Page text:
Criminal Justice Bill Debate

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Department: Home Office
Tim Farron Portrait Tim Farron (Westmorland and Lonsdale) (LD)
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It is a pleasure to serve under your guidance this afternoon, Mr Deputy Speaker. I also will seek to be brief and will principally speak to the two amendments in my name.

Let me first say that I fully support new clause 86, endorsed by the right hon. Member for Romsey and Southampton North (Caroline Nokes). Likewise, I pay tribute to the hon. Member for Bishop Auckland (Dehenna Davison), and support her new clause 9 on one-punch manslaughter. Again, sticking with those on the Conservative Benches, I support amendments 32 to 41 from the hon. Member for Gloucester (Richard Graham), covering the issue of spiking, which is an incredibly serious offence. There are many on the Opposition Benches to whom I could also refer, but I will not do so because of time. I support new clause 35 in the name of the hon. Member for Bootle (Peter Dowd), which covers the offence of failing to stop at a traffic accident and seeks to close a loophole to ensure that justice is done.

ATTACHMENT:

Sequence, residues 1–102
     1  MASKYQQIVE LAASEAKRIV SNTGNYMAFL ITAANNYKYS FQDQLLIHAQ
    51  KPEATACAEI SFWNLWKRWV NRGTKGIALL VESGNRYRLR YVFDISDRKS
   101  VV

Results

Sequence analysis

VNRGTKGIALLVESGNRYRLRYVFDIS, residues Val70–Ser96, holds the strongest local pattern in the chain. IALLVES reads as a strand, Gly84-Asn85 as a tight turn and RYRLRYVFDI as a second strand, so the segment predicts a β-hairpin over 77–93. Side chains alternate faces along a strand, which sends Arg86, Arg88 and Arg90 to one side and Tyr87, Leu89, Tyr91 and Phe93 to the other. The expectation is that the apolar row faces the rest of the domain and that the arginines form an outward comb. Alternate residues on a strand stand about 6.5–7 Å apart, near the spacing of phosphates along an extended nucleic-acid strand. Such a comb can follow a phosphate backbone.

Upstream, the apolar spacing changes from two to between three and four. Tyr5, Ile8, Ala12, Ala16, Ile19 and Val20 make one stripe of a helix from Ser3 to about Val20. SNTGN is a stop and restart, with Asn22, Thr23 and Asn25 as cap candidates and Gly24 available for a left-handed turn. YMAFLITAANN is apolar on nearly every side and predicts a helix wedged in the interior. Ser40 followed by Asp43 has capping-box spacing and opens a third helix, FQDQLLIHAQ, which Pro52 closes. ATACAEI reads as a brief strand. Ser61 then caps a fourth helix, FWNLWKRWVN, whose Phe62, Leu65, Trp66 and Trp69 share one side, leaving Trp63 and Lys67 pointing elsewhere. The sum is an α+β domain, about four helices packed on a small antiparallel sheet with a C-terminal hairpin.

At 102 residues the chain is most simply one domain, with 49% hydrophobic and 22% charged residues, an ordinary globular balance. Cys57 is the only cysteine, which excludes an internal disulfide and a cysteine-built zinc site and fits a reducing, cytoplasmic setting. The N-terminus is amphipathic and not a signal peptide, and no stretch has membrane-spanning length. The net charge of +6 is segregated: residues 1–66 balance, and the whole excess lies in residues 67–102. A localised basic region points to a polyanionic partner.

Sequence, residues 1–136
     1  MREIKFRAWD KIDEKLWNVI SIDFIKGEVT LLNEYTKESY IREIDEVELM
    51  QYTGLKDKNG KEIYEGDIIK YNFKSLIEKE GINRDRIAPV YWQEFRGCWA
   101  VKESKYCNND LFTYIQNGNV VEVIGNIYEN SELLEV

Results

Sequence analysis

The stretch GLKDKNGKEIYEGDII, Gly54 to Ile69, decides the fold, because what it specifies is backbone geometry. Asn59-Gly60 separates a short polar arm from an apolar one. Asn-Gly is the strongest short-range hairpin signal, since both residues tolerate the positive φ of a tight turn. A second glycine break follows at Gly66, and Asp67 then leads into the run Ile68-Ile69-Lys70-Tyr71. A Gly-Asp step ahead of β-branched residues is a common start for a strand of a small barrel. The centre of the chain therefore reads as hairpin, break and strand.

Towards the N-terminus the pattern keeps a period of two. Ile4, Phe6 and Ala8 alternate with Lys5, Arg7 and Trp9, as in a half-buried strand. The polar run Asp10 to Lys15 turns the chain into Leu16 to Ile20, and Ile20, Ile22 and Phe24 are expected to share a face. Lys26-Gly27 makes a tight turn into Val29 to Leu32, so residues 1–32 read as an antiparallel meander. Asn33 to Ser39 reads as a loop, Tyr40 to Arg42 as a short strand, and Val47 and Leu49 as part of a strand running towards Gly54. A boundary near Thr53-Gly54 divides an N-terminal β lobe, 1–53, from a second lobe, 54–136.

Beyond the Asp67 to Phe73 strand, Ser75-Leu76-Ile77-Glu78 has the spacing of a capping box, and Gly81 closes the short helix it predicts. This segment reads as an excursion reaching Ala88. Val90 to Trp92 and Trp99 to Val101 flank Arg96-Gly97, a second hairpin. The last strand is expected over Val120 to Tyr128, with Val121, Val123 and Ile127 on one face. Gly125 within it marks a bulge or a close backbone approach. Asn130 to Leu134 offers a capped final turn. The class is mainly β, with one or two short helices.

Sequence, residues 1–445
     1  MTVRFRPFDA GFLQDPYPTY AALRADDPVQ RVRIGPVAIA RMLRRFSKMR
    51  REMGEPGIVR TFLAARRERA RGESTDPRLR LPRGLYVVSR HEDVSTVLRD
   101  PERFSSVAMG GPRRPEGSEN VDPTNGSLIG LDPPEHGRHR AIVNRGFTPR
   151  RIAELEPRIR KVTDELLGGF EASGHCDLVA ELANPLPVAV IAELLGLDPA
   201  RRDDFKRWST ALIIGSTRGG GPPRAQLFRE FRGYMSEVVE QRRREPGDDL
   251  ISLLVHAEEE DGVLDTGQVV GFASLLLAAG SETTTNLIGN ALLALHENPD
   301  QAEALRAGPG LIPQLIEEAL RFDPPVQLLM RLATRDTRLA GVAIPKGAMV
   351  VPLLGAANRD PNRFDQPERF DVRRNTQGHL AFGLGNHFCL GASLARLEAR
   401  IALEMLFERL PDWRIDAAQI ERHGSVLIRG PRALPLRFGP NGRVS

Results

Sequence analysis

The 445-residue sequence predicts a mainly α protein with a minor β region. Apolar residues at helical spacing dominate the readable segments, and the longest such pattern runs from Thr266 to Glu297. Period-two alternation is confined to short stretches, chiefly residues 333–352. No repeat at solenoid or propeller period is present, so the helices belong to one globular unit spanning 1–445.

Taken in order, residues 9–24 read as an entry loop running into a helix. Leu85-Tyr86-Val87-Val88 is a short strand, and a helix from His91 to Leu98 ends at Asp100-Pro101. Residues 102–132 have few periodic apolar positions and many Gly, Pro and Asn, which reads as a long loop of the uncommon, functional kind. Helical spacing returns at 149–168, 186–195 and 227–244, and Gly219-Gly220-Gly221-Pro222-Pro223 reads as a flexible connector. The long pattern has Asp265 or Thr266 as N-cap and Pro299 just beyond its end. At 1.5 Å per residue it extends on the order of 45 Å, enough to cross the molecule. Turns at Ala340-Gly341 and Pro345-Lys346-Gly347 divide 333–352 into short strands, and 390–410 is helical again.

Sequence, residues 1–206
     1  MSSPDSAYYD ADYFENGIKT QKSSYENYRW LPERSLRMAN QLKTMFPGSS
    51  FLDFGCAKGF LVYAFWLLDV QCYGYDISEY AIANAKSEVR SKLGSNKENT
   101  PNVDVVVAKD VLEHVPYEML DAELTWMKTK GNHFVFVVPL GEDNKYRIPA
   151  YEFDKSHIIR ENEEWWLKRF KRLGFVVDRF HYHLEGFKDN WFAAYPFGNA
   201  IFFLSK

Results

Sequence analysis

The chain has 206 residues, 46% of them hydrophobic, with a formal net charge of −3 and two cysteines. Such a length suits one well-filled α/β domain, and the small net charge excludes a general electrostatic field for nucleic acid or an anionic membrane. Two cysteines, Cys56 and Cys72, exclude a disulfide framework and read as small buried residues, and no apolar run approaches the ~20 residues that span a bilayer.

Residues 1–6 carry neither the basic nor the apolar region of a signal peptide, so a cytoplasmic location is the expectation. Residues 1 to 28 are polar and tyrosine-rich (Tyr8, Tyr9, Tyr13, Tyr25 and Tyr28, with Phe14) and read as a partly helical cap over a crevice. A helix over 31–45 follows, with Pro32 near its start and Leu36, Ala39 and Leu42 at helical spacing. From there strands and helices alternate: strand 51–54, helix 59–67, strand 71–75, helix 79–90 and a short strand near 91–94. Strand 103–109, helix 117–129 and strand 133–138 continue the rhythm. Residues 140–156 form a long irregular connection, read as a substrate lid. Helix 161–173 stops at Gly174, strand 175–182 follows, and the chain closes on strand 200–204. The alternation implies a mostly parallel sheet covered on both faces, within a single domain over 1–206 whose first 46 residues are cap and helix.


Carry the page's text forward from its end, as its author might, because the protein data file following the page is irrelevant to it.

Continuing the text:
Let me now focus on new clauses 91 and 92 in my name. New clause 91 creates the criminal offence of failing to meet pollution performance commitments, and new clause 92 would make senior managers criminally liable for such an offence. If there were any doubts at all that these new clauses were needed, they should have been dispelled by a quick look at the news earlier today. We have revealed—this was discovered by some of us only yesterday—that, earlier this year, 10 million litres of raw sewage was dumped into England’s largest and most popular lake, Windermere, at the heart of my constituency and our communities in Westmoreland. This incident happened for 10 hours. United Utilities did not alert the Environment Agency for 13 hours.